Boronias can be disappointingly difficult to grow - or rather to keep growing for more than a year.
For most home gardeners boronia means the sweet-scented brown boronia, boronia megastigma, or boronia heterophylla, the red boronia, but there are many more, and a few basic rules will help give greater success.
Most boronias don’t have a strong and penetrating root system. The roots are near the surface and so can easily dry out in summer, therefore regular watering is essential.
Irregular and inadequate moisture is the main reason for boronia casualties. Equally, they won’t stand being waterlogged.
The soil should be well-drained and contain a good amount of organic matter such as leaf mould or compost. Make sure it is well mixed with the soil and not applied neat to the roots.
The shallow roots are best protected from hot sun with a mulch or low-growing plants.
Some boronias are happy in full sun, but most prefer dappled sunlight or partial shade.
Pruning after flowering has finished is important.
Regular picking of the flowers can achieve this, with up to a third of the plant’s growth removed.
Boronias don’t need a lot of fertiliser - a small amount of slow-release fertiliser will help to ensure strong growth.
Don’t be afraid, go ahead and plant one. Give it the right treatment and it could give you springtime joy for years.
Sweet potatoes are not grown the same way as ordinary potatoes. Buy some tubers from a vegetable outlet. They should be of moderate size and not too slender.
Put them in a container of damp sand so that they are covered by a few centimetres of it.
Keep the surface moist. They can take about six weeks to sprout.
When the sprouts are about 15 centimetres tall, remove them from the parent by twisting them off.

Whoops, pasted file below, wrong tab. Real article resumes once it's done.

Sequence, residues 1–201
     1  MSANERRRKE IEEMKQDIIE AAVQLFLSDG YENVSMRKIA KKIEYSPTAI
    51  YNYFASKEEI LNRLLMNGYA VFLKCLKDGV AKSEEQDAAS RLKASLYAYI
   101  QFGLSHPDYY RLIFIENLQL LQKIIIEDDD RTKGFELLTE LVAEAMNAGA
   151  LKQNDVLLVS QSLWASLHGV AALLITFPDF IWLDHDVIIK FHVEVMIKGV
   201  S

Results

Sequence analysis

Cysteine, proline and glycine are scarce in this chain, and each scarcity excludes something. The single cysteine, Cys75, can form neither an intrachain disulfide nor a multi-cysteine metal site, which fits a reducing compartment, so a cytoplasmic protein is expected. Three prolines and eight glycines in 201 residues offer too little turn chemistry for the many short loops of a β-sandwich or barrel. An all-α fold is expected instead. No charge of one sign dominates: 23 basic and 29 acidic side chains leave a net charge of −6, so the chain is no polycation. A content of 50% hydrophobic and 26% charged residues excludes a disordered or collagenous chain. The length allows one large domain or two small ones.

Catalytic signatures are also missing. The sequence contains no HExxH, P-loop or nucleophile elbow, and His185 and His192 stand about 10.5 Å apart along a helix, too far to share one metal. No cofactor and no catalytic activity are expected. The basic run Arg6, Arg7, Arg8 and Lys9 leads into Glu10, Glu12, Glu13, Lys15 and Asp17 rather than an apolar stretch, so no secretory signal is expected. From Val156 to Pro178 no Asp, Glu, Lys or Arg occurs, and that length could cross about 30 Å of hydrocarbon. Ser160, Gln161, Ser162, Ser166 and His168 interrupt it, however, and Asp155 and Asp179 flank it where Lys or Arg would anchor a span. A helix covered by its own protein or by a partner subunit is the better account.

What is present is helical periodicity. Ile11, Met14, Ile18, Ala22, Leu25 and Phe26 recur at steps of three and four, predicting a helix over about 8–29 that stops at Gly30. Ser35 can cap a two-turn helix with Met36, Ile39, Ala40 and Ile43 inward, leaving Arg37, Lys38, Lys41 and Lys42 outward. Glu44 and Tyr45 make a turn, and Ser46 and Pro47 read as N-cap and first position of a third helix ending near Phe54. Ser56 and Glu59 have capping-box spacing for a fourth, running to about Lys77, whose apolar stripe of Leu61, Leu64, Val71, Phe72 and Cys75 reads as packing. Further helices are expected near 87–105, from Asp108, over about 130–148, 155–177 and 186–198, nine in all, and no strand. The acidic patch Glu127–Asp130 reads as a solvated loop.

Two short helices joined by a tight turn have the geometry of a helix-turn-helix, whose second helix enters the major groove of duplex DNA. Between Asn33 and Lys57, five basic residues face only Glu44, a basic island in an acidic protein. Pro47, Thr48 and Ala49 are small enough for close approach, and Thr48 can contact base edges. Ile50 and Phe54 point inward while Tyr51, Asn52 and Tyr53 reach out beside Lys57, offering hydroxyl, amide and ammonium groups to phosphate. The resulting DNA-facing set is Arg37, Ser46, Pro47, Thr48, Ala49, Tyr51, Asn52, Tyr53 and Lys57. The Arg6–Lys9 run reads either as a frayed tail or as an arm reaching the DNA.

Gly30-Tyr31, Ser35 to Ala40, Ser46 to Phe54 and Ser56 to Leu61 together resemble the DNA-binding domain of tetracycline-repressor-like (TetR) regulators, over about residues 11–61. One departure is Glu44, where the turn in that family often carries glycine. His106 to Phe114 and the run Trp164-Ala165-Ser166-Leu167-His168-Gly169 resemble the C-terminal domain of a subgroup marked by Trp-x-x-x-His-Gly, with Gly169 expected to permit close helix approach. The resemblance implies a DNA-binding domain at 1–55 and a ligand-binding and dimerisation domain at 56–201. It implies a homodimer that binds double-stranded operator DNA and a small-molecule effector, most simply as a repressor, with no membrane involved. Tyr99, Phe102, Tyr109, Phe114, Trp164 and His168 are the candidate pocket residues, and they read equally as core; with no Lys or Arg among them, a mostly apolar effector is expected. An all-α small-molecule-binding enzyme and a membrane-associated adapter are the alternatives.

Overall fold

You will find small roots attached to the base of each sprout.
You plant this as a plant in its own right.
The tubers develop best in light soil or soil enriched with well-rotted organic matter.
Sweet potatoes are not related to ordinary potatoes, but they too prefer a slightly acid soil, so don’t add lime.
They have long, trailing vines and as with potatoes, each vine should be hilled up to encourage the development of better tubers.
They are very frost tender, but also need a long growing season.
Sweet potatoes are rich in vitamin C and contain more vitamin A than most other vegetables.
They don’t need a lot of watering in summer and like hot, dry weather - in fact they are more drought-resistant than almost any other vegetable.
It’s time for planting fruit trees.
Apricots, peaches and nectarines don’t need cross-pollinating, but most other fruit trees do.
Often you can get away with only one variety, say greengage plums, because it will be pollinated by a golden drop in someone else’s garden within bee distance.
But if you have a pear tree that doesn’t bear fruit it needs a mate.
Hanging sprays of blossom from a friend’s tree among the branches will work, as long as the varieties are cross-pollinating.
Spray your fruit trees now, or in the next month or so, with winter oil to destroy lurking insects and their eggs.
Although lime is not a fertiliser it is valuable in increasing the fertility of the soil.
Being alkaline, it neutralises acidity and raises the pH level, making elements like phosphorus, potassium and molybdenum available for plant use, and creating suitable conditions for the multitudes of beneficial micro-organisms.